No, the Spurs should not go in ‘win now’ mode

Luke Lawhorn, Sports Editor

“With the first pick in the 2023 NBA Draft, the San Antonio Spurs select, Victor Wembanyama,” is what Adam Silver, the NBA’s commissioner, will announce on June 22 now that the Spurs’ nightmare of a season paid off.

With no guaranteed selection in the NBA draft, the Spurs finished the 2022-23 season with a 22-60 record, the franchise’s second-worst record of all time. The final record was tied with Houston for the second-worst record in the league, giving the Silver and Black tied for the best odds to get the top overall pick in the draft at 14 percent.

Receiving much pushback across the league and its fans wondering what would happen if the Spurs could not obtain the No. 1 overall pick came to a close on Tuesday evening when San Antonio was the last team called in the Draft Lottery.

Wembanyama, the 7-foot-2 Frenchman viewed as the best basketball prospect since LeBron James – and to some, the best ever – is the prize for the teams’ purposeful losing, and now has fans wondering how the Spurs should go about landing the next possible all-time great player.

San Antonio selected David Robinson with the top pick in the 1987 draft, then managed to add Tim Duncan in the 1997 draft after a franchise-worst 20-62 record that season. 

The Hall of Fame big men alongside coach Gregg Popovich launched a 22-year playoff run featuring six NBA Finals appearances and five world titles. Now missing out on four-straight postseasons, San Antonio is eager to get back to winning at the highest level.

Wembanyama told ESPN, “I’m trying to win a ring ASAP,” when asked about what the Spurs will be getting out of him.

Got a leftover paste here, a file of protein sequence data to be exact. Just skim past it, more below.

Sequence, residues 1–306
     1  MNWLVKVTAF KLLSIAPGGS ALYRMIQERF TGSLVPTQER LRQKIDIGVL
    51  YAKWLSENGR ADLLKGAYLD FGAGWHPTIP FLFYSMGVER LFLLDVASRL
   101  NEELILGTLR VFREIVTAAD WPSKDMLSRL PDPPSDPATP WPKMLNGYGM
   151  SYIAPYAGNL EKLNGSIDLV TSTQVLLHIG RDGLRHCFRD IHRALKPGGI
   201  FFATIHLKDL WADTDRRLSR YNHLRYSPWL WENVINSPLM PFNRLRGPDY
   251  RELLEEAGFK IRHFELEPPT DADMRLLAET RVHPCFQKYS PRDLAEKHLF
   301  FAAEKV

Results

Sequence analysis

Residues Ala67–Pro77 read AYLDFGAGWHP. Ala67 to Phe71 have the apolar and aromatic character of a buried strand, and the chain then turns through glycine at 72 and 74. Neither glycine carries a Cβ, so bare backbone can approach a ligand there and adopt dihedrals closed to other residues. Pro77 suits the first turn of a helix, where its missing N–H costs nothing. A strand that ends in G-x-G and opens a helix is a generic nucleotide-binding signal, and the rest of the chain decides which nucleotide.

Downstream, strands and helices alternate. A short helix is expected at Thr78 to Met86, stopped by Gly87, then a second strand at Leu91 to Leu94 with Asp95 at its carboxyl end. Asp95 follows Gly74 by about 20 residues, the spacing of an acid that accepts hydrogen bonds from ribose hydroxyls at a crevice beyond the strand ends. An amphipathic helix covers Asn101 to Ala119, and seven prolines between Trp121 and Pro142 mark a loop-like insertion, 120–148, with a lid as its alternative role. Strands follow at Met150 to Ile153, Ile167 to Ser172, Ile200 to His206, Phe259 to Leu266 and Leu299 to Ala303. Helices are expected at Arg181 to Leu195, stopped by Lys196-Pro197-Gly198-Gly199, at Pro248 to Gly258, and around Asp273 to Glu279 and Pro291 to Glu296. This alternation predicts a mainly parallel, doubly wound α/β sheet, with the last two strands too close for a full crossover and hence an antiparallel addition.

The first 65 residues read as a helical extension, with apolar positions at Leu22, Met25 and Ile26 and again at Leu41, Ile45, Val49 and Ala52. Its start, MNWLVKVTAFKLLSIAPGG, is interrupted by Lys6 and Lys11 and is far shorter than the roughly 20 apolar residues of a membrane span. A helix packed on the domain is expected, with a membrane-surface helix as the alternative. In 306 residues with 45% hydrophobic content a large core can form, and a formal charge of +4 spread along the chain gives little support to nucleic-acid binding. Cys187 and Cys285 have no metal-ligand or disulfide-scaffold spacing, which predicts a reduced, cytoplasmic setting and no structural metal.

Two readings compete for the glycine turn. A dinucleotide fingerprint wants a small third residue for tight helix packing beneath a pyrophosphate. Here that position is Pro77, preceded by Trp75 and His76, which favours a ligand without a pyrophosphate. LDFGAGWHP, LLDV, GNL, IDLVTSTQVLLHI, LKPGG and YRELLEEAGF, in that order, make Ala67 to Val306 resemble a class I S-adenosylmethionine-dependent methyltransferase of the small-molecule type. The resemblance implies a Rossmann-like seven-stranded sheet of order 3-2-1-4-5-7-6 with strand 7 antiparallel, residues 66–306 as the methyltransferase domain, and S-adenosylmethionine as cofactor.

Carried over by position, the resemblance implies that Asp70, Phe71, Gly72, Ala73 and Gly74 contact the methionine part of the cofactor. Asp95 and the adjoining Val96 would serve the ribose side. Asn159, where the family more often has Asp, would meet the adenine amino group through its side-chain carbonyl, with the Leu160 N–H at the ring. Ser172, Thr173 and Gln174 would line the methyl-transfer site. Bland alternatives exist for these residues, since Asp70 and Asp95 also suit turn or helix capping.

With the hype across the league, many believe Wembanyama’s talent can make a night-and-day difference in the wins column. So, how does San Antonio want to go about this?

The modern trend in the NBA is if a team has a generational talent to go in “win now” mode, meaning to throw away the future to contend for championships in the window of the generational talent’s prime. 

There has been talk about trading for veteran players like Phoenix’s guard Chris Paul, or Portland’s star guard Damian Lillard. Questions about 74-year-old coach Pop’s long-term commitment have people wondering whether to go in a new coaching direction. 

The Spurs have done nothing but harp on the fact that they are building and developing players for the long run, not just throwing their talent away for aging players. 

Keldon Johnson (23), Devin Vassell (22) and Jeremy Sochan (19) are all young players who are ready to take the next step after stooping all the way to the bottom of the NBA. The last thing to expect a class act of an organization to do is to waste its time on development in Pop’s later years to just trade the pieces away and go in another direction.

After every 20, 30 and 40-point loss the Spurs suffered, the first thing the players and coach would say is there is a maturing and growth process in the NBA, and it would pay off in the long run. Giving up now before their young players hit age 25 would be a disappointment. 

The classy Spurs organization has spoiled their fans in the last two decades, making their supporters believe they need to urgently become one of the league’s top contenders immediately. 

The team should first look for improvement. Increasing its wins to 35+ and becoming a play-in contender would be a huge success. Western Conference contenders such as the Lakers, Warriors, Clippers and Nuggets are much older than the Spurs, giving San Antonio a couple of years to grow into a title contender while the current contenders may be on their last legs.

If Wembanyama is the can’t-miss, all-time player he is projected to be, the Spurs will be in good hands without having to make major alterations to their roster.